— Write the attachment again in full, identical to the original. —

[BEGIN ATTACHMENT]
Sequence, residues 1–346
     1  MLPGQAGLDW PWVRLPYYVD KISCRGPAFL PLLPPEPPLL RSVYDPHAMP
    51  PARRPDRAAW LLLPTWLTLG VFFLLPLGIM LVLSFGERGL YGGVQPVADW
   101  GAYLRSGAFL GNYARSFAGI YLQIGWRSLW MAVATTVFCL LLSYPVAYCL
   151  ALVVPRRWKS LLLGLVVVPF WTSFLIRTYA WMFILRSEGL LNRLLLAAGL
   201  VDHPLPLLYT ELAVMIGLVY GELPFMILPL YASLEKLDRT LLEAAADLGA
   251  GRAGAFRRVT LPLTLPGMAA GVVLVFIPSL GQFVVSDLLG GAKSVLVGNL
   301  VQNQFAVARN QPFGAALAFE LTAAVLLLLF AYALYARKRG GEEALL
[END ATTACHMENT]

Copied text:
Sequence, residues 1–346
     1  MLPGQAGLDW PWVRLPYYVD KISCRGPAFL PLLPPEPPLL RSVYDPHAMP
    51  PARRPDRAAW LLLPTWLTLG VFFLLPLGIM LVLSFGERGL YGGVQPVADW
   101  GAYLRSGAFL GNYARSFAGI YLQIGWRSLW MAVATTVFCL LLSYPVAYCL
   151  ALVVPRRWKS LLLGLVVVPF WTSFLIRTYA WMFILRSEGL LNRLLLAAGL
   201  VDHPLPLLYT ELAVMIGLVY GELPFMILPL YASLEKLDRT LLEAAADLGA
   251  GRAGAFRRVT LPLTLPGMAA GVVLVFIPSL GQFVVSDLLG GAKSVLVGNL
   301  VQNQFAVARN QPFGAALAFE LTAAVLLLLF AYALYARKRG GEEALL